Updated: March 17, 2020 10:50:40 am
Union home Minister Amit Shah tried to bowl a chinaman in Parliament last week. He assured the nation that there will be no categorisation of “doubtful citizenship” in the process of verification while preparing the “Local Register of Indian Citizens”. When half-baked facts are made public through speeches, the truth is always compromised.
The whole purpose of preparing a National Register of Indian Citizens (NRIC) — as contemplated by the Citizenship (Amendment) Act, 2003 — was to ensure compulsory registration of every citizen of India and issue a National Identity Card (NIC) to every such person. For that purpose, a National Registration Authority (NRA) was set up. The Registrar General of India — appointed under the Registration of Births and Deaths Act, 1969 — was to be the NRA, who was to function as the Registrar General of Citizens Register (RGCR). The Act also authorised the Centre to appoint officers to assist the RGCR in discharging his functions and responsibilities; the procedure for doing so was to be prescribed by the rules framed under the Amendment Act of 2003.
The notification issued on December 10, 2003, which contemplated the establishment and maintenance of NRIC, was to contain the particulars of every citizen. The preparation of this register requires house to house enumeration for collection of data from each family and individual. This is required to be provided by the head of the family. The period of enumeration, which was to be specified under the present dispensation, starts from April 1 and continues till September 30, 2020.
Rule 4(3) of the above-referred notification stipulates the preparation of a Local Register of Indian Citizens (India to be divided into several local areas). This would include particulars collected from several families and individuals. This information will be verified and scrutinised by the local registrar (LR). Rule 4(4) stipulates that “particulars of individuals whose citizenship is doubtful shall be entered into the local register with appropriate remarks in the population register for further enquiry and in case of ‘doubtful’ citizenship, the individual or family concerned will be informed when the verification process is over”.
The above, therefore, demonstrates that the statement of the home minister — that in the verification process, no individual will be identified in the “doubtful” category — is contrary to the statutory requirement. The home minister’s assurance, therefore, is meaningless till such time the rule is amended to exclude such requirement.
Once the entire exercise under the rules is finalised, the RGCR will notify the date on which the NRIC shall be initialised throughout the country. This suggests that the purpose of the rules notified on December 10, 2003, was to have an NRIC excluding those whom the government, through a verification process, considers to be of “doubtful” category and are thus excluded from the NRIC. Obviously, therefore, the whole purpose of the NRIC was to exclude individuals and that exclusion was to be given effect at the level of the local registrar who, during the verification process, would weed out such categories of people who are not entitled to citizenship. If the exercise of “doubting” the citizenship of an individual is excluded, one wonders if it is necessary to have an NRIC. The assurance of the home minister, therefore, is not consistent with the intent of the law.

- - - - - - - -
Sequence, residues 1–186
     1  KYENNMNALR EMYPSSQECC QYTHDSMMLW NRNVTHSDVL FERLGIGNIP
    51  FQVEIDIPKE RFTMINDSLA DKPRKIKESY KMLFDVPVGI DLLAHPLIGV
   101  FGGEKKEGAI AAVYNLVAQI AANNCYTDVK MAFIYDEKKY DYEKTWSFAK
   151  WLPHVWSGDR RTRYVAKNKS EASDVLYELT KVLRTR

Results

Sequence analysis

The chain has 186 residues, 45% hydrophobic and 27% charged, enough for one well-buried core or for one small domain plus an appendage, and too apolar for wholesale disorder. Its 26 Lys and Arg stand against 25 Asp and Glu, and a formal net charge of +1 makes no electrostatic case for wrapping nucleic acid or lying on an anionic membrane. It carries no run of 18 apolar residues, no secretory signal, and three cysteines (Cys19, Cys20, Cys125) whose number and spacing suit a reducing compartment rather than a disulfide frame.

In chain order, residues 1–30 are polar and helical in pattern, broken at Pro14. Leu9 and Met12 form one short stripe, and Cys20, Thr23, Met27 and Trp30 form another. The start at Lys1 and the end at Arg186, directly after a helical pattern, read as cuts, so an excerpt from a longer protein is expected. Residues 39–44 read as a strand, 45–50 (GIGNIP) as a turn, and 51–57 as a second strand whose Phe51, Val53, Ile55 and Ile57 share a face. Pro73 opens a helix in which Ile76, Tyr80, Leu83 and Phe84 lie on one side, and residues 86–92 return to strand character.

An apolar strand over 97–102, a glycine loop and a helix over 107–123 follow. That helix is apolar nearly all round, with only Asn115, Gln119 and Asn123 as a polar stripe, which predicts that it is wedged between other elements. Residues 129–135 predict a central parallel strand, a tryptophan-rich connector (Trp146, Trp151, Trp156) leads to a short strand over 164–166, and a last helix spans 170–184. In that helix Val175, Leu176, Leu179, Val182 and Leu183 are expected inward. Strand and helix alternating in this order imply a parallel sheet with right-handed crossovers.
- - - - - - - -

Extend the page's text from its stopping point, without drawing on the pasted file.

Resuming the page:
Let us assume that the verification process is not undertaken and the local registrar does not mark “D” against any individual’s name. Even then, under Rule 8, the district registrar, sub registrar or the taluk registrar or the LR of citizen registration may, by order, require any person to furnish information to determine the citizenship status of such person. It is obvious, therefore, that even without a verification exercise, a person can be denied the status of a citizen. No assurance has been given by the home minister in that context. In fact, no such assurance can be given — for that would be contrary to the intent of the legislation.
Rule 10 is another provision under which the citizenship status of a person can be questioned and his/her name removed from the NRIC. That power is with the RGCR or an officer authorised by him. Under Rule 11, it is necessary to maintain and update the NRIC, which would also entail removing names of individuals who may not be regarded as citizens of India. It is only after this exercise is conducted and the individuals of doubtful status excluded, that the NRIC will be a document on the basis of which NICs will be issued to all those who the central government believes are citizens of India.
The law and the rules, therefore, contemplate the exclusion of individuals as citizens at various levels: At the level of verification, by exercise of power by the district registrar, the sub registrar or the taluk registrar, or the local registrar by deletion of name, and on the directions of the RGCR — or any officer authorised by him/her and in the process of maintenance and updation of the NRIC.
Dear home minister, you need to tell the country what your real intention is — your assurance is not enough. It is time for you to be upfront about the government’s intentions. As said in the House, this is not about a community, it is about the poor, the marginalised, the unempowered who will have no documents to prove that they are citizens of this country. Their exclusion from the NRIC will be in the hands of junior-level officials whose discretion will jeopardise the lives of millions. The chinaman you bowled is not likely to fool the people.
This article first appeared in the print edition on March 17, 2020 under the title “Spin in the House”. The writer, a senior Congress leader, is a former Union minister.
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